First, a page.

How Teachers Are Using Census Data To Help Their Towns Get An Accurate Count in 2020

Feb 17, 2020

Postcards for the 2020 Census go out next month. But schools are already using past census data to illustrate trends and teach students the importance of an accurate count.

The census dictates billions of dollars in federal funding. That includes education funding for special ed, after-school and a plethora of other programs.

This is the first census cycle teachers can use Statistics in Schools. It’s an initiative that sorts census data for teachers at any level.

Lem Wheeles is a history teacher using the program in Anchorage, Alaska. He says understanding census data is vital for his class because remote parts of his state are often undercounted.

“We can look at reapportionment and gerrymandering congressional districts with my government class, those sorts of things," he said. "So it really does make it accessible and -- right out of the box -- grab a lesson and go.”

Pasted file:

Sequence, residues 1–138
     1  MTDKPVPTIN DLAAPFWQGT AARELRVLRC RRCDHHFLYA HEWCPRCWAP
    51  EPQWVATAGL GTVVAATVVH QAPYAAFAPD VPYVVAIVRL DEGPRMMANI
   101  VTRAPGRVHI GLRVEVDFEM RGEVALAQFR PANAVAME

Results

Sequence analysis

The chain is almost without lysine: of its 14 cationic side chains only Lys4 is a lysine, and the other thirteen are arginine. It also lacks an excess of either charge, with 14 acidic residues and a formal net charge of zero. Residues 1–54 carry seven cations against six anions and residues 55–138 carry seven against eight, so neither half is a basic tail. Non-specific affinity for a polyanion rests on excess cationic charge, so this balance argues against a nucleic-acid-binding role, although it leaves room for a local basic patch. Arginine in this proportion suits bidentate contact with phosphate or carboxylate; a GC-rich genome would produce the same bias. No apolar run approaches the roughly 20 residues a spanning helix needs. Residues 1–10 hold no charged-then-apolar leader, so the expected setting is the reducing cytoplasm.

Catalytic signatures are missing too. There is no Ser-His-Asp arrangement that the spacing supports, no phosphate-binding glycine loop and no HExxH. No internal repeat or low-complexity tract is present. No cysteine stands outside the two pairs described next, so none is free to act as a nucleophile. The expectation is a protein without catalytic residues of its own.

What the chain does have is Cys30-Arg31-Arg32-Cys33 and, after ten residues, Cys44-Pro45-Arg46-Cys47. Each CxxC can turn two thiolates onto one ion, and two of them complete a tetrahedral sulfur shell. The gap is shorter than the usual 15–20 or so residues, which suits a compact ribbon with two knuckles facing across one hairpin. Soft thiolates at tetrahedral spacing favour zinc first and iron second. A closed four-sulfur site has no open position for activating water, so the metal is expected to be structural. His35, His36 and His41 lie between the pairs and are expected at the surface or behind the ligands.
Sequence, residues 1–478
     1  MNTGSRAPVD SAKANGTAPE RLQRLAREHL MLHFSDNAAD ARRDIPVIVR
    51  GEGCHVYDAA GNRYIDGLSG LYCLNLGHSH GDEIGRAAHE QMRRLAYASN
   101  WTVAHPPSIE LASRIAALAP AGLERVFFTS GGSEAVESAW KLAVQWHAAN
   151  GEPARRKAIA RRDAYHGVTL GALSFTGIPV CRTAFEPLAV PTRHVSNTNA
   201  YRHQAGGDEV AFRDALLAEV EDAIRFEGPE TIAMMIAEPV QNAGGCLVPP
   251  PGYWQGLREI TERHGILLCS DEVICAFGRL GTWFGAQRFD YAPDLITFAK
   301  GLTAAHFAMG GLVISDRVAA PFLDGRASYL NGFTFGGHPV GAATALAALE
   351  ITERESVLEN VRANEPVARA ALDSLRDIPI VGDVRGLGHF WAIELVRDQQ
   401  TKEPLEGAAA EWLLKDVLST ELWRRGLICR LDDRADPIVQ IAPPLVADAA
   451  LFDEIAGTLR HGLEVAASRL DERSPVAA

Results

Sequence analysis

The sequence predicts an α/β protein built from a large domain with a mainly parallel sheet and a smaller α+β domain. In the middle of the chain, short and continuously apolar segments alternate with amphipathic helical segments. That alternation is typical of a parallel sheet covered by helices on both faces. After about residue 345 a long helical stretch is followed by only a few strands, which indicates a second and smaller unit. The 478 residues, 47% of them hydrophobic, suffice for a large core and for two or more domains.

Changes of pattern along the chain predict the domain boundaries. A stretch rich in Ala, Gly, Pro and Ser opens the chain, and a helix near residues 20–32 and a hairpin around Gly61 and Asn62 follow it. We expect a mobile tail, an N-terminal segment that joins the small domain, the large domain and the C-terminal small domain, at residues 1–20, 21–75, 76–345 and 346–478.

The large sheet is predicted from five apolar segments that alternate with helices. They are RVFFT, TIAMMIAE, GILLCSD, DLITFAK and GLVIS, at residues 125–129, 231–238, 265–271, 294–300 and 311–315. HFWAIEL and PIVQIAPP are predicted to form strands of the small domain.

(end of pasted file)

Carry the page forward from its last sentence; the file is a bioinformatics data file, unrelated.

He says the data sparked conversations about redistricting and how this year’s census will impact the electoral college for the 2024 presidential election. 

“I see our role, in addition to teaching about the census and what it does, as we have an opportunity to help make sure the count is accurate. To make sure that our state gets its share of the funding,” said Wheeles.

He says it also encourages them to share it with their family and make sure they get correctly counted.

Victoria Glasier is a census spokesperson and manager of the Statistics in Schools initiative.

She says it's important students grasp just how much the census impacts their communities and schools.

Illinois was undercounted in the last census, causing Illinois to lose out on more than $100 million in federal health funding, per the George Washington Institute of Public Policy.

Glasier says the bureau is focusing resources on getting children under five counted.

“In 2010, that was the largest group that was undercounted. And when we think about it, if we don't get you when you're under five, that's 10 years of education programs that they're not accounted for," she said."

It’s estimated that it will cost Illinois thousands per child per year in missed federal funds.